Updated: Apr 21, 2022
Why should I practice the single-leg cycling drill? I asked the same question a few years ago when I walked into an indoor cycling lab in Colorado.
My bike was put on a Computrainer and I started riding. I was surprised that my right leg was generating a lot more power than my left leg, but given that I’m right-side dominant, maybe that wasn’t so strange. As it turns out, most cyclist’s dominant leg generates about 10 watts more than their non-dominant leg.
This was really obvious when a cycling coach had me outside trying to do a single-leg drill and my left leg wasn’t staying engaged with the pedal evenly. My darn left leg wasn’t pulling it’s fair share of the work! Years later, after much time spent doing the single-leg drill, I’m more balanced!
Here’s how to incorporate the single-leg drill into your routine:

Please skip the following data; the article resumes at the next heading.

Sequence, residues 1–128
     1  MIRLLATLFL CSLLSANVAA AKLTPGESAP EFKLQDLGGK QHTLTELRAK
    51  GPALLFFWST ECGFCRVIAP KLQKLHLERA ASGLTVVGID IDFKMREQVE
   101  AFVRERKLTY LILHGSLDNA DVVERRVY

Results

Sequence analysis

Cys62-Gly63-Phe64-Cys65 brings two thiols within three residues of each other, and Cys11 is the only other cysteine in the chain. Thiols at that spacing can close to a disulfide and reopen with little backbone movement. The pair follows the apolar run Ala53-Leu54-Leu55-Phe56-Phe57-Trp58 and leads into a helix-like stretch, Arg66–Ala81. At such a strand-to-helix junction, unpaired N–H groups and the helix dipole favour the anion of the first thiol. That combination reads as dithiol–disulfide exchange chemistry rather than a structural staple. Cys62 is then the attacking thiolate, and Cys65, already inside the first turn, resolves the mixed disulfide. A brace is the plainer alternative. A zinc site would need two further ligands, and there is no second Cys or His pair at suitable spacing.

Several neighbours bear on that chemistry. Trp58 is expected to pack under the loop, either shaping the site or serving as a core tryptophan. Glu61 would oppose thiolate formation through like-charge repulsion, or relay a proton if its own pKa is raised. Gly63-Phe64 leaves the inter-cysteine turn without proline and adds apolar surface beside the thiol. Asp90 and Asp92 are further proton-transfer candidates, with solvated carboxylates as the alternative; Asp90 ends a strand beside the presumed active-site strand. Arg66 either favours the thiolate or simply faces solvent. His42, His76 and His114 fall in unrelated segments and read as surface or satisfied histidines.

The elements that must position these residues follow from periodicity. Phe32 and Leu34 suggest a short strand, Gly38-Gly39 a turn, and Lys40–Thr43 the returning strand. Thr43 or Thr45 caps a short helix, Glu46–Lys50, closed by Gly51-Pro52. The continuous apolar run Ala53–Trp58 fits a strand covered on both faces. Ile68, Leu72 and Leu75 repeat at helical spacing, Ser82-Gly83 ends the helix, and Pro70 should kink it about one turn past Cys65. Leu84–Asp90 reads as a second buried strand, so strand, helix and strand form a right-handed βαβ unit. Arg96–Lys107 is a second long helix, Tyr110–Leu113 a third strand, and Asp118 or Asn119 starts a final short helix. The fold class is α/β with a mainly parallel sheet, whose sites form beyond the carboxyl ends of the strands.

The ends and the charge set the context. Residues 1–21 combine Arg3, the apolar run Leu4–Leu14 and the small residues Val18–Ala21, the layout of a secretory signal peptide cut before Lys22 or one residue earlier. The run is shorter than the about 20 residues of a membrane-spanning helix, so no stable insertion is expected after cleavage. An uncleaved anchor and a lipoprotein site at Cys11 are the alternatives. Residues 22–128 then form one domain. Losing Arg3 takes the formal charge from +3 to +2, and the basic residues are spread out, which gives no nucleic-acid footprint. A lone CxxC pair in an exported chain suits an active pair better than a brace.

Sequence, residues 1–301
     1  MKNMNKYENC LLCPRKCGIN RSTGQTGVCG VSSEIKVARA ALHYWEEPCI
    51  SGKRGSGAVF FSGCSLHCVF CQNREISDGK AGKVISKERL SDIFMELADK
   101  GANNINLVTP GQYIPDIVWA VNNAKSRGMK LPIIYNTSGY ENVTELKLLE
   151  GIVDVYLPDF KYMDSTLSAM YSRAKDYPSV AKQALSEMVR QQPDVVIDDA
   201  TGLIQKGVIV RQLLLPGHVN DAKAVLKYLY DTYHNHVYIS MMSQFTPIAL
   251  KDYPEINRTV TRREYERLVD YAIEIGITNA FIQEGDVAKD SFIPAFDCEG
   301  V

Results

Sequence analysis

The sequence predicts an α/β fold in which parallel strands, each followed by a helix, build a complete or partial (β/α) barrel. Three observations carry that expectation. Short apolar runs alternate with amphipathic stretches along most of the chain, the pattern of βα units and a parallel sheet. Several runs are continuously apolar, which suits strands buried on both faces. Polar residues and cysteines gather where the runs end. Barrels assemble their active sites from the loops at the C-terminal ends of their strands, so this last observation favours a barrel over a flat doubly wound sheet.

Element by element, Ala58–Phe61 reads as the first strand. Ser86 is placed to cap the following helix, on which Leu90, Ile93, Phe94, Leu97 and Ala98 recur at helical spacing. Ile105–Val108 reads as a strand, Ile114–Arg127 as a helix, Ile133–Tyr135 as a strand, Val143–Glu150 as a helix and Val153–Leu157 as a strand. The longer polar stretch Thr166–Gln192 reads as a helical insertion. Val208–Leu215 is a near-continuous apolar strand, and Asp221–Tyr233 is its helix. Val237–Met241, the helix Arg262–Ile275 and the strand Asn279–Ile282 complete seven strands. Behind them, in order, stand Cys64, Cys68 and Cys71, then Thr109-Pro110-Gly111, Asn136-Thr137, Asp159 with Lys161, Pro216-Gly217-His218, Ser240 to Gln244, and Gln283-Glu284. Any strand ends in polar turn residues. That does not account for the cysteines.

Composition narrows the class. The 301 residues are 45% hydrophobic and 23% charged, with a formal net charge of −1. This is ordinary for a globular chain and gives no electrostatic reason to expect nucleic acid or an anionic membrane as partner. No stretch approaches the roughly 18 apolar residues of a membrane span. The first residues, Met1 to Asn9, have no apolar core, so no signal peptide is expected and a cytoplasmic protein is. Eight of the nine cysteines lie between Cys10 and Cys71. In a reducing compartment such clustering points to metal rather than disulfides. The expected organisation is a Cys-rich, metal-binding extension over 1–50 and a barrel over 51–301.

Warm up for 10-15 minutes.
Unclip your dominant leg and pedal for 30 seconds at low RPM and moderate resistance - I like 65-70 RPM’s during my first iteration.
Switch legs and pedal with your dominant leg.
Finally, pedal with both legs, focusing on your non-dominant leg to keep even pressure.
Repeat the drill four more times.
You can practice the single-leg drill on a bike trainer, spin bike, or outside on a ride a few times a week until you notice (or measure) more even power in both legs. This drill is especially helpful during the base phase of your training plan when you are focused on good form.
Maria Netherland is a Northwest Florida-based coach who is a USA Triathlon Level II Endurance and Youth & Juniors Certified Coach as well as a NASM Certified Personal Trainer and Performance Enhancement Specialist. Coach Maria loves working for athletes of all abilities, military athletes, and new triathletes as they pursue their goals. Maria is a veteran of the US Army and a United States Military Academy at West Point graduate. She can be reached at firstname.lastname@example.org.